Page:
State of the Air – 2014

The American Lung Association has released its State of the Air report for 2014. To see the full report, go to http://www.stateoftheair.org/  Enter the zip code for your area for fine particulate measurements.  Cumberland Co. does not have an ozone monitor, so you will have to rely on the data from Dauphin Co.

Clean Air Board talks to AAUW

On March 25, 2014, Clean Air Board member Justina Wasicek talked to AAUW, Carlisle Branch, about local air quality.  See and hear the talk. Air Quality 2014

IdleAir Opens in Carlisle

IdleAir opens its clean air heating and cooling station at the Flying J in Carlisle, PA off I-81, Exit 52. The IdleAir system provides clean air and other amenities to truck cabs during driver rest periods, without the need to install on-board generators or add-in devices.
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For information, go to http://www.idleair.com/

Clean Air Board Community Meeting, April 5, 6 pm

Our next Clean Air Board community meeting will be held at the  Second Presbyterian Church in Carlisle on April 5, at 6 pm.  Note that the meeting is an hour earlier than normally.  We will hear presentations by college students on various idling law projects they have been working on.

PA Turnpike Opens No-Idle, Clean-Air Facility For Truckers at New Stanton Service Plaza June 4th

Pa. Turnpike Opens First No-Idle, Clean-Air Facility For Truckers at New Stanton Service Plaza Today

Pennsylvania Turnpike Commission Press Release

Truck Stop Electrification facility will help truckers comply with no-idling law.

Excerpt:

Truck Stop Electrification facility (Ohio Environmental Council)

NEW STANTON, PA (06/04/2010)(readMedia)– The Pennsylvania Turnpike Commission (PTC) had a ribbon cutting ceremony earlier today to mark the opening of a Truck Stop Electrification (TSE) facility at its New Stanton Service Plaza at milepost 77.6 off the westbound lanes of I-76 in Westmoreland County.

The TSE, developed by CabAire LLC, Enfield, Conn., is comprised of towers equipped with modules that fit into truck cab windows to provide heat, air conditioning, internet, TV and electrical power to trucks and other diesel-powered vehicles while the engine is shut off.

Cost to use a TSE module will be about the same as a gallon of diesel fuel per hour. CabAire has agreed to provide the service free of charge for 30-days, from June 4 to July 4.

“We are incredibly proud to have constructed this facility – presently the only one of its kind in the state – on the Pennsylvania Turnpike,” said Turnpike CEO Joe Brimmeier. “This TSE is designed to help reduce pollution and land-development impacts to the neighborhoods surrounding our travel plaza, and it’s just one of several steps we’re taking to provide a greener environment.”

More about how to reduce idling from the US Department of Energy Idle Reduction Portal.

Reducing School Bus Idling: The Key to a Healthier Ride (Video)

Reducing School Bus Idling: The Key to a Healthier Ride

Watch an informational video from a youtube user about the importance of reducing school bus idling to benefit the health of school-aged children.

The Health Risks of Diesel Idling: Tami Biddle, Clean Air Board

The Health Risks of Diesel Idling (30 KB)

by Tami Biddle

Clean Air Board of Central Pennsylvania

October 2008

In recent years scientists have begun to understand a great deal about the effects of a type of air pollution referred to as “particulate matter.”  One type that is especially worrisome is called PM 2.5, meaning matter that is 2.5 micrometers or smaller in size.  This means, roughly, about one-thirtieth the size of a human hair.  The reason that PM 2.5 is dangerous is because the particles are small enough to penetrate into the deepest part of the lungs. And this, in turn, means that they are directly linked to asthma, bronchitis, and chronic respiratory illness.  Scientists have also linked PM 2.5 to low birth weight babies, heart disease, some cancers, and premature deaths in elderly people.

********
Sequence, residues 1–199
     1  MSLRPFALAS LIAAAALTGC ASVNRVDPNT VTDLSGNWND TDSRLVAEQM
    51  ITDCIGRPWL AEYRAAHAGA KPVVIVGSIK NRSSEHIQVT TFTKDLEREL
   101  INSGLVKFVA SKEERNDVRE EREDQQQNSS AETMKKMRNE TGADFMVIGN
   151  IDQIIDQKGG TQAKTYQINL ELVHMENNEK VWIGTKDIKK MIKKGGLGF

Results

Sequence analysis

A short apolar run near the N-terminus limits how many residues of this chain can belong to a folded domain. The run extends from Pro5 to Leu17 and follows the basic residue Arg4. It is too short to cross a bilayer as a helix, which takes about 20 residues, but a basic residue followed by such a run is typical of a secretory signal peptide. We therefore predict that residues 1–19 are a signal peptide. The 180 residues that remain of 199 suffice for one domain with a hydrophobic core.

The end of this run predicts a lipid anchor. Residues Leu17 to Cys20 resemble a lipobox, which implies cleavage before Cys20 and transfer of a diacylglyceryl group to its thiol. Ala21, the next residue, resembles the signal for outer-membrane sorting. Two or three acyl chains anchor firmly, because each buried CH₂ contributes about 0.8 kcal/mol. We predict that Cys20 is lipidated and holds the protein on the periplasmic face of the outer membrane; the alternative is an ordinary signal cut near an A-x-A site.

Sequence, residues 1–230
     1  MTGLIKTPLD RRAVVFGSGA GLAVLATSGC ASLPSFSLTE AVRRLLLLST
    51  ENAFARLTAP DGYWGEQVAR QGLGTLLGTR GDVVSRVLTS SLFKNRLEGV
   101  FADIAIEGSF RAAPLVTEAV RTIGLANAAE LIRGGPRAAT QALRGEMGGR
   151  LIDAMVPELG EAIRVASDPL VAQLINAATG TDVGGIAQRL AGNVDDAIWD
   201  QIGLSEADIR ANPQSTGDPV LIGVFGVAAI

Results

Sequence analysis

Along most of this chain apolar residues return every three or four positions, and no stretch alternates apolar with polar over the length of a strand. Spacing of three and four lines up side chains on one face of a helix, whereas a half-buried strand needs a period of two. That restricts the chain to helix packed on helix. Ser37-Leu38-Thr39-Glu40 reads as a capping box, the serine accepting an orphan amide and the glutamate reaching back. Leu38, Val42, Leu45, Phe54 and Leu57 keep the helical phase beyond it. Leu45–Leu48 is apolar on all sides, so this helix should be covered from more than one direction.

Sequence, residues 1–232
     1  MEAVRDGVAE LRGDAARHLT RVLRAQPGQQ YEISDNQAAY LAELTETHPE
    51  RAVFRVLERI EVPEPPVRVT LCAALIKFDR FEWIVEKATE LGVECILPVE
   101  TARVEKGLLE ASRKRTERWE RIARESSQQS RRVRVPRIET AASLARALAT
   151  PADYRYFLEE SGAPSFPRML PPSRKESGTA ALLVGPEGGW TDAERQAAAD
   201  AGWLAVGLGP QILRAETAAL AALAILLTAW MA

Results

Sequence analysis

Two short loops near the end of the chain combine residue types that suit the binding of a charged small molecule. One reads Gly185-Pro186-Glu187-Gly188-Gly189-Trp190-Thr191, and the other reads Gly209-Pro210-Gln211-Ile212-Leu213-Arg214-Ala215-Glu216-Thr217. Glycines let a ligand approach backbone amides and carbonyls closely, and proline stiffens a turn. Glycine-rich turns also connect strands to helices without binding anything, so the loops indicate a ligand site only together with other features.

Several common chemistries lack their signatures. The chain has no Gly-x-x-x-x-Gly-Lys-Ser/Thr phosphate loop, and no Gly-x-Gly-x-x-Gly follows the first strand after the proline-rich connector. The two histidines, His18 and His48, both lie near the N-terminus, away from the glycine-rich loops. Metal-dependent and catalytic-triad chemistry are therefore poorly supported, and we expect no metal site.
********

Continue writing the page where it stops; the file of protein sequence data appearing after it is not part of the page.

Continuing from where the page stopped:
Children are more vulnerable to the health risks of PM 2.5 because their immune and respiratory systems are still developing. Also, children breathe up to 50 percent more air per pound of body weight than adults.  The breathing of fine particles by children is believed to cause both acute and chronic respiratory problems such as asthma.  Forty percent of all US asthma cases are in children, yet children make up only 25 percent of the US population.[1]

The sources of PM 2.5 include fuel combustion from automobiles, power plants, wood burning, and industrial processes.  But a major contributor to PM 2.5 levels is diesel powered vehicles such as trucks and buses. These fine particles are also formed in the atmosphere when gases such as sulfur dioxide, nitrogen oxides — all of which are also products of fuel combustion — are transformed in the air by chemical reactions.  Fine particles are attracted to water, thus contributing to acid rain.  Acid rain affects all things biological, and can have direct effects on human health.  For all these reasons, the Environmental Protection Agency (EPA) has taken an initiative to monitor and address fine particles in the atmosphere.

The seriousness of the heath risks posed by PM 2.5, and the special impact of particulate matter on children, has prompted many communities to start to address the problem in multiple ways.  One of the most important has been to encourage the limitation of idling by school buses.  Each year, over 21,000 school buses transport 1.5 million children to schools in Pennsylvania.[2] Restricting diesel idling would improve the health of Pennsylvania’s children, and the health of the drivers who transport them each day.


[1] Environmental Protection Agency   http://www.epa.gov/region4/sesd/pm25/p2.htm

[2] Clean Air Council   http://www.cleanair.org

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